As well analyzed by the Office of the Court Administrator —
"Evidence show(s) that she was not able to produce and return the P70,000.00 to complainant even after several demands including letters of demand from Atty. Ruth B. Castelo . . . . It was only when her loan from the PAG-IBIG was released that she was able to return the money. She also answered one of the letter demands . . . requesting time-allowance for the return of the money. This is a very clear proof that she did not have the P70,000.00 with her when the demands were made by the complainant (per instructions of his brother). Being a Branch Clerk of Court, well-versed in the legal proceedings, she can not now deny the truth in her letter dated May 21, 1994 that she appropriated the P70,000.00 earlier for herself and the PAG-IBIG loan is the solution to her legal problem afterwards with the complainant.
"How can the respondent use the extremely incriminating letter ‘as a ploy to bide time while awaiting instructions from her principal’ when she already admitted in subject letter her bad faith and misappropriation? How can she await instruction from the principal when she well knew that it was the principal all along who is demanding his money through the complainant because she had been ignoring and avoiding-all his overseas calls? What could be the clear message of ignoring calls and not returning them aside from guilt and sin?
x x x
"Being deeply involved in private matters like this is taboo for a court staff. Respondent should have remained neutral and should have avoided being the entrustee of the monthly P10,000.00 between the brothers. It is now unbelievable to assume that in the process, she did not profit pecuniarily. Besides, this is a clear violation of RA 6713 or the Code of Conduct and Ethical Standard(s) for Public Officials and Employees . . .
Respondent’s act of imputing an unsavory personal life on the part of complainant Danito Sy, to the extent of initiating administrative charges against him before the Office of the Mayor of Marikina and the Office of the Ombudsman, likewise leaves much to be desired. She obviously had only revenge in mind in hurling those charges which thereby smacks of vindictiveness, and in further digressing into matters which, in the words of the Court Administrator, are beside the point. Apropos hereto are the observations of said official:jgc:chanrobles.com.ph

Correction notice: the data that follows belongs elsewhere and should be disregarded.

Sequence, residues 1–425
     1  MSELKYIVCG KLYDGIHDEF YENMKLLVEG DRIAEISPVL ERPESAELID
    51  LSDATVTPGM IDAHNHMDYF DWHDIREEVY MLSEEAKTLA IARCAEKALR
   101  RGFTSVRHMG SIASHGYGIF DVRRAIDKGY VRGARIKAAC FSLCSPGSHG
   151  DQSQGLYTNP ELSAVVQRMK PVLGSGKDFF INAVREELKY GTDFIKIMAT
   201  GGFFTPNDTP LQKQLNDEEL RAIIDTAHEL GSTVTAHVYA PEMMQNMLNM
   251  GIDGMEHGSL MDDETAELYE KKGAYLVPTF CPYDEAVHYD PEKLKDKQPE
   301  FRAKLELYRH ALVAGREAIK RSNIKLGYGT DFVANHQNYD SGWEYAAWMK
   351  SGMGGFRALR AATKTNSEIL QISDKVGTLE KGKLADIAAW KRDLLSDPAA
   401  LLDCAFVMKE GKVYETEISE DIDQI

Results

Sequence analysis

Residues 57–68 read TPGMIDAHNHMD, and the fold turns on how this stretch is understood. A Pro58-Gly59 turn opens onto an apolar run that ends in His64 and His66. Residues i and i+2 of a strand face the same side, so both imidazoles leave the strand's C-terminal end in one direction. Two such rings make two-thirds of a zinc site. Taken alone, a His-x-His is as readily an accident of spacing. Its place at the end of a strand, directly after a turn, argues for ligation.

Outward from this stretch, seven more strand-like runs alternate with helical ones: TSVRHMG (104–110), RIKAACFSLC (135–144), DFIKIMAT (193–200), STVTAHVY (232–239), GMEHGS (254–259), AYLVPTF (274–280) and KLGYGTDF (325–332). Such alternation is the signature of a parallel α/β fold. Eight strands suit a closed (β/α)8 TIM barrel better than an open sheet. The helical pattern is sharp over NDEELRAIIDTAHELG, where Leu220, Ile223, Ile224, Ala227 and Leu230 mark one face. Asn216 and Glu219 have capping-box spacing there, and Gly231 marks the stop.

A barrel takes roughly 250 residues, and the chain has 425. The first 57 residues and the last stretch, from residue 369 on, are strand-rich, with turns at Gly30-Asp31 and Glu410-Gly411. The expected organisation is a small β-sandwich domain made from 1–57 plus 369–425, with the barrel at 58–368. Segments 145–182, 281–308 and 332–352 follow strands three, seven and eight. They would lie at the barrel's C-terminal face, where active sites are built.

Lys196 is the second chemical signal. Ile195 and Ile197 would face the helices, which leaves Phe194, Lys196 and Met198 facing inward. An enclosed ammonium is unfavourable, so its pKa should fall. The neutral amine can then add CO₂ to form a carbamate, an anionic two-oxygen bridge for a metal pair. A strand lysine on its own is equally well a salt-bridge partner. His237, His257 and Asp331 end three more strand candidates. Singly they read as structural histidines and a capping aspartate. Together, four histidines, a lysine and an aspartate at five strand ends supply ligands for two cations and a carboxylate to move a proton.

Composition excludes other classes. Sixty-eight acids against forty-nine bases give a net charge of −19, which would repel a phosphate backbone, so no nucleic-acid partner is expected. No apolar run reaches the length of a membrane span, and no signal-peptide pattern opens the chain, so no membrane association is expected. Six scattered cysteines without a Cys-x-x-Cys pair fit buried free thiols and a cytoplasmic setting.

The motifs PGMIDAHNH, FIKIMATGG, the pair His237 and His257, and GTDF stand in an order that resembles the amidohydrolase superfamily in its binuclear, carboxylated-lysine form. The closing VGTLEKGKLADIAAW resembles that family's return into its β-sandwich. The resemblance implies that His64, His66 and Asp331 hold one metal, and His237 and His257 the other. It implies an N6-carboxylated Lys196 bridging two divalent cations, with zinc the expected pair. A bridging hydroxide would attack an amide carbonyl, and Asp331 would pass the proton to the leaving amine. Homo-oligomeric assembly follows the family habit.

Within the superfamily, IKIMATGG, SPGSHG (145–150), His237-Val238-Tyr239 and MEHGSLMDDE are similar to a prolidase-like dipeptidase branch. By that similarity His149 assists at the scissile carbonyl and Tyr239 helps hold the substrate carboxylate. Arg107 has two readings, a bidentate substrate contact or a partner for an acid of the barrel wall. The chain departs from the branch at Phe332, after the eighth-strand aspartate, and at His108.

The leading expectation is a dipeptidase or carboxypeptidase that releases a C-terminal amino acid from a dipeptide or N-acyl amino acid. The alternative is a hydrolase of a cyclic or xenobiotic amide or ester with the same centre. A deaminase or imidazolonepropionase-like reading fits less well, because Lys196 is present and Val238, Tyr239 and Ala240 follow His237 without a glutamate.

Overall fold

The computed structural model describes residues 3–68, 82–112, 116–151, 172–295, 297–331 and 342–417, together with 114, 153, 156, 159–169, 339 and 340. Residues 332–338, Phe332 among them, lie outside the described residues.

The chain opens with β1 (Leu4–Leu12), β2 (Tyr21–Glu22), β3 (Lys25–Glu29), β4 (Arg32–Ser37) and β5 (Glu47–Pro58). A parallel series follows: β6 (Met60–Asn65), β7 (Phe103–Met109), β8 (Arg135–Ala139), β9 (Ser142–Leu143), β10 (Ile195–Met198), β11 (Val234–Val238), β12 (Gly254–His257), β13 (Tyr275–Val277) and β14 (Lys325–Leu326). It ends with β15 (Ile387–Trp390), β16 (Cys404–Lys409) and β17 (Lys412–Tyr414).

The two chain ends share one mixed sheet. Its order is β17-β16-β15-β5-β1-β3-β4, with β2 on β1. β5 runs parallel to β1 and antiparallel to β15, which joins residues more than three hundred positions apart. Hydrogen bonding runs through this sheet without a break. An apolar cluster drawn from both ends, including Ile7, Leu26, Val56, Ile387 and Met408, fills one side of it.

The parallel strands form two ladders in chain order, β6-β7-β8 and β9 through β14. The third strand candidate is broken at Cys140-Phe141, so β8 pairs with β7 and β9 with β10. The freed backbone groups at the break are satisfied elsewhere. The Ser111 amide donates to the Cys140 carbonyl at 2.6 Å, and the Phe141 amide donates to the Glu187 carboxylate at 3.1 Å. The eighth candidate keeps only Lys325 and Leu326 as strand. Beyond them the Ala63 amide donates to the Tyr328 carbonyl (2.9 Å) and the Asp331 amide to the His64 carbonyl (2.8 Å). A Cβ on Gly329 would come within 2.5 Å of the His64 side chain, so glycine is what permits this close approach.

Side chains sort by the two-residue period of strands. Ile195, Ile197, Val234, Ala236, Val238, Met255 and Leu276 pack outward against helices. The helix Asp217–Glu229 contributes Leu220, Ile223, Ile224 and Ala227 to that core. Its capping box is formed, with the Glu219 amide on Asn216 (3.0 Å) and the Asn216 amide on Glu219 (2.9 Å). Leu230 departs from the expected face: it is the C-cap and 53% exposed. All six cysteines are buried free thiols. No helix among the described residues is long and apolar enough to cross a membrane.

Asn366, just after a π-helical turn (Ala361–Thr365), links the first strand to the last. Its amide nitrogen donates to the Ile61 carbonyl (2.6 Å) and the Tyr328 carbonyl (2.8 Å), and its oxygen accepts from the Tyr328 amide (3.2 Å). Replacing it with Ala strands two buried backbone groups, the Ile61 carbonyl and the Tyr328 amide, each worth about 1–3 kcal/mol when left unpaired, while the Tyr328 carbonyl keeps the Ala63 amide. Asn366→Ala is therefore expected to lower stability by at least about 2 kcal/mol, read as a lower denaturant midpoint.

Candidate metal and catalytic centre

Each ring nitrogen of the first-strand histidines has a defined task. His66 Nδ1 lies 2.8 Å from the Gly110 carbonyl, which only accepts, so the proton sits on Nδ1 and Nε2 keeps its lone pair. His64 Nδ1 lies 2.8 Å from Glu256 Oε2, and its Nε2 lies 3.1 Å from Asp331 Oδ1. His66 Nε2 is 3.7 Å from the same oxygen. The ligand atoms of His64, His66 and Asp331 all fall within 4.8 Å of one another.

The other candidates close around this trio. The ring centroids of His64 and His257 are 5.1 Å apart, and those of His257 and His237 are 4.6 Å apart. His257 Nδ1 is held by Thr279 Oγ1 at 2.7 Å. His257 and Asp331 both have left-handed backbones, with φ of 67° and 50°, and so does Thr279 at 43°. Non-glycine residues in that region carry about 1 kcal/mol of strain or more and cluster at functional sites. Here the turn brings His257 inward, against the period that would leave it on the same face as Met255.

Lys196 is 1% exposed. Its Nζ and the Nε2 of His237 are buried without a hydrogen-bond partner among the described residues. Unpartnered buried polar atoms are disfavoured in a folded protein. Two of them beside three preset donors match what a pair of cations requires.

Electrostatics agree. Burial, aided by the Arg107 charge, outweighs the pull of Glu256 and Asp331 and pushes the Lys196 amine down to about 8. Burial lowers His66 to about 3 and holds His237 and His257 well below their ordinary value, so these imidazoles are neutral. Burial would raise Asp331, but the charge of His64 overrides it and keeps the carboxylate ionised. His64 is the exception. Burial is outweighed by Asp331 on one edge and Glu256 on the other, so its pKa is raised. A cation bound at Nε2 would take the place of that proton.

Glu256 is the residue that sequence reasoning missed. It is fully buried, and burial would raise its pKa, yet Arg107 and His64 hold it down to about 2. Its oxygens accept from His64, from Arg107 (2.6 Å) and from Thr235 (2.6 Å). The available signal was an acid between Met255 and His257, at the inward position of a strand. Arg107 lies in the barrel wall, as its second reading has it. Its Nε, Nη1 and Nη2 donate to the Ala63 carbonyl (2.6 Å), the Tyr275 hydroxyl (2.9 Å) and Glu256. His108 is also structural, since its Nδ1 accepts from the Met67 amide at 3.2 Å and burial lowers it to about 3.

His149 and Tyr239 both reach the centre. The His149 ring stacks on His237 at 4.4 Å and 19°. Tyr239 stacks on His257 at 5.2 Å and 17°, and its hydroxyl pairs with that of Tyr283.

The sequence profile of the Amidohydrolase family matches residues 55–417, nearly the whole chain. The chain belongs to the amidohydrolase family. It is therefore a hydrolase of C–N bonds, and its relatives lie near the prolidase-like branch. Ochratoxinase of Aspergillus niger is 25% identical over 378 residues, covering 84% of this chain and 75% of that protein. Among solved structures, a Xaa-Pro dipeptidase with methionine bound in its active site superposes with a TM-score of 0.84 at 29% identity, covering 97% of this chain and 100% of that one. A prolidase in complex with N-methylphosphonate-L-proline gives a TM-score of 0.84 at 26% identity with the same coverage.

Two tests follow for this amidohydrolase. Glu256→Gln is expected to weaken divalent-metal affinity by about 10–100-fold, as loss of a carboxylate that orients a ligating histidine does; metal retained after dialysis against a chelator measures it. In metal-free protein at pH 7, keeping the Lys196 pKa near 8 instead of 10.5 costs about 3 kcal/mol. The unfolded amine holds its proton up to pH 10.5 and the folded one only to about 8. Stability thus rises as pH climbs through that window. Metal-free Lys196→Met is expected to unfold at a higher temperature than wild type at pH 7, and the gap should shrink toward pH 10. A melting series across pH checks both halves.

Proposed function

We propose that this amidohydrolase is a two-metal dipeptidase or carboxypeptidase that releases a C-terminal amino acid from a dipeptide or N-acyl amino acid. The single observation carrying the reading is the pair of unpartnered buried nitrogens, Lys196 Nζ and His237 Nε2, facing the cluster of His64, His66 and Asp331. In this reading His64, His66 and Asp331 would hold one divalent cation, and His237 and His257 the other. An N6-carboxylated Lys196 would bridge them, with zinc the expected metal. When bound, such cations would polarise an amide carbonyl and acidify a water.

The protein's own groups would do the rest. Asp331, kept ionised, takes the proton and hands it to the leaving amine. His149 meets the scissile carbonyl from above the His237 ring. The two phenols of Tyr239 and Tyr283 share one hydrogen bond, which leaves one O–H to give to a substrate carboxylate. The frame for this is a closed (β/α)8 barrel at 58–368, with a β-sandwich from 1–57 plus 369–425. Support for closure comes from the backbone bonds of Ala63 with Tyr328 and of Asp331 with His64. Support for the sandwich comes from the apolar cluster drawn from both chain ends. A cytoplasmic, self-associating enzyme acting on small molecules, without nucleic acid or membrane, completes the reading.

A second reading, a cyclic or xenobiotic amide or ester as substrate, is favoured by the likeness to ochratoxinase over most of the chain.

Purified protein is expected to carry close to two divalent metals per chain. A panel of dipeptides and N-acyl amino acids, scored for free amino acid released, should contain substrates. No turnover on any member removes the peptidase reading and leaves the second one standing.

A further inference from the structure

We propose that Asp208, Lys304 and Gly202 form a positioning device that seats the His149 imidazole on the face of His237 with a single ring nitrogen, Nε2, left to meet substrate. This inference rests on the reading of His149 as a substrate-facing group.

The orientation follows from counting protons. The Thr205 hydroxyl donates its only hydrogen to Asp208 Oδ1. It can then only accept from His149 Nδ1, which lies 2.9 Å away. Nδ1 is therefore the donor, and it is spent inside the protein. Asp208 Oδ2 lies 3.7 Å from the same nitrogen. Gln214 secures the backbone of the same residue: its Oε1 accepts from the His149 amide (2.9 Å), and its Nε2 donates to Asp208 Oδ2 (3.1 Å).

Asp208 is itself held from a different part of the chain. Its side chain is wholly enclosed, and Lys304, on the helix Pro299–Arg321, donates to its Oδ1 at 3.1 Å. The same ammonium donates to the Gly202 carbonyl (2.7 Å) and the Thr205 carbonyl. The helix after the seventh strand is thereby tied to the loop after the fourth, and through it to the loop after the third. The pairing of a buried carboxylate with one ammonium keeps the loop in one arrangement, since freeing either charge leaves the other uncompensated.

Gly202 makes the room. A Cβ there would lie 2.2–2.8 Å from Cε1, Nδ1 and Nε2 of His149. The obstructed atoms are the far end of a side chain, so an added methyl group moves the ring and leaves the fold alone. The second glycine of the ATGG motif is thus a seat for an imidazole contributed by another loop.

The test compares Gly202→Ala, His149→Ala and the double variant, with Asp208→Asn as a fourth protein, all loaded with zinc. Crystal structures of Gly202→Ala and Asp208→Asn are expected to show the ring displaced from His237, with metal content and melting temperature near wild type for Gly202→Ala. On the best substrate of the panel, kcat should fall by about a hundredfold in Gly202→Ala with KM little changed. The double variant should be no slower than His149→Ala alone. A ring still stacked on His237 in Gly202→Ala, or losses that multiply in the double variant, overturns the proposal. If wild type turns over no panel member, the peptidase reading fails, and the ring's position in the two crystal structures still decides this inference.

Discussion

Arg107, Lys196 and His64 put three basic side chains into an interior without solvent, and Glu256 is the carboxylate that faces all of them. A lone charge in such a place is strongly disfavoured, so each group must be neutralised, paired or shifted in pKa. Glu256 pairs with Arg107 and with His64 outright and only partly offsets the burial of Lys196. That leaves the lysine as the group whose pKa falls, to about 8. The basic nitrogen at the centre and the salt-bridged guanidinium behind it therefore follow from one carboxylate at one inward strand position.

"Instead of just keeping quiet before she has finally paid the P70,000.00 entrusted to her by the brothers, respondent went on fabricating flimsy excuses and even prof(fered) counter-charges against the complainant vi(l)ifying his whole personality. Respondent should have apologized instead, and returned the interest of the P70,000.00 which (it) was supposed to have earned if the same was deposited in a bank as (per) her principal’s instruction. Where the P10,000.00 entrusted to her monthly comes from, is beside the point. Respondent should have stuck with the merits of her case, if she had any.
"Respondent is trying to justify her actuations by picturing complainant as not being faultless himself, thus she feels justified in having acted the way she did. This is foolish and unethical."cralaw virtua1aw library
In sum, respondent deserves to be punished for misconduct and unethical behavior not befitting an employee of the judiciary. As this Court has repeatedly stressed," (t)he image of a court of justice is necessarily mirrored in the conduct, official or otherwise, of the men and women who work thereat, from the judge to the least and lowest of its personnel — hence, it becomes the imperative sacred duty of each and every one in the court to maintain its good name and standing as a true temple of justice." 10
On the appropriate imposable sanction, a submission is made to the Court that the actuations of respondent do not constitute the grave dishonesty contemplated under Sec 23(a), Rule XIV of the Civil Service Law that merits the punishment of dismissal. It is also pointed out, by way of extenuation, that this is respondent’s first administrative case, that she is academically qualified for her present position, that she did not volunteer to be the trustee of the amount deposited with her, and that she has fully refunded the same.
We have completely reviewed the unnecessarily extended exchanges on this matter and commend the Office of the Court Administrator for the thorough report and recommendation therein. It is, however, the sense of the Court that the recommended sanction of severe reprimand should be modified since there are at least two serious administrative derelictions involved.
ACCORDINGLY, respondent Isabelita M. Cruz is hereby ordered to pay a FINE of one thousand pesos (P1,000.00) for her misconduct and unethical behavior unbecoming a court employee, with the WARNING that a repetition of the same or similar act in the future shall be more stringently dealt with. Let a copy of this decision be attached to respondent’s Civil Service 201 file and other official records.
, Puno, Mendoza and Francisco, JJ.
1. Rollo, 1, 21-22.
2. RoIlo, 97, 67.
3. Ibid., 60-71.
4. Sy v. Academia, Et Al., A.M. No. P-87-72; Pardo v. Academia, A.M. No. P-90-481. July 3, 1991, 198, SCRA 705.
5. Young v. Momblan, A.M. No. 89-367, January 9. 1992, 205 SCRA 33.
6. Abrigo v. Kayanan, etc., Et Al., L-28601, March 28, 1983, 121 SCRA 20.
7. Medina, Et. Al. v. Court of Appeals, Et Al., L-34760, September 28, 1973, 53 SCRA 206; Vasquez v. Malvar, A.M. No. 884-CFI, August 31, 1978, 85 SCRA 10.
8. Rollo, 67.
9. Ibid., 97.
10. Lim-Arce v. Arce, Et Al., A.M. No. P-89-312, January 9, 1992, 205 SCRA 21.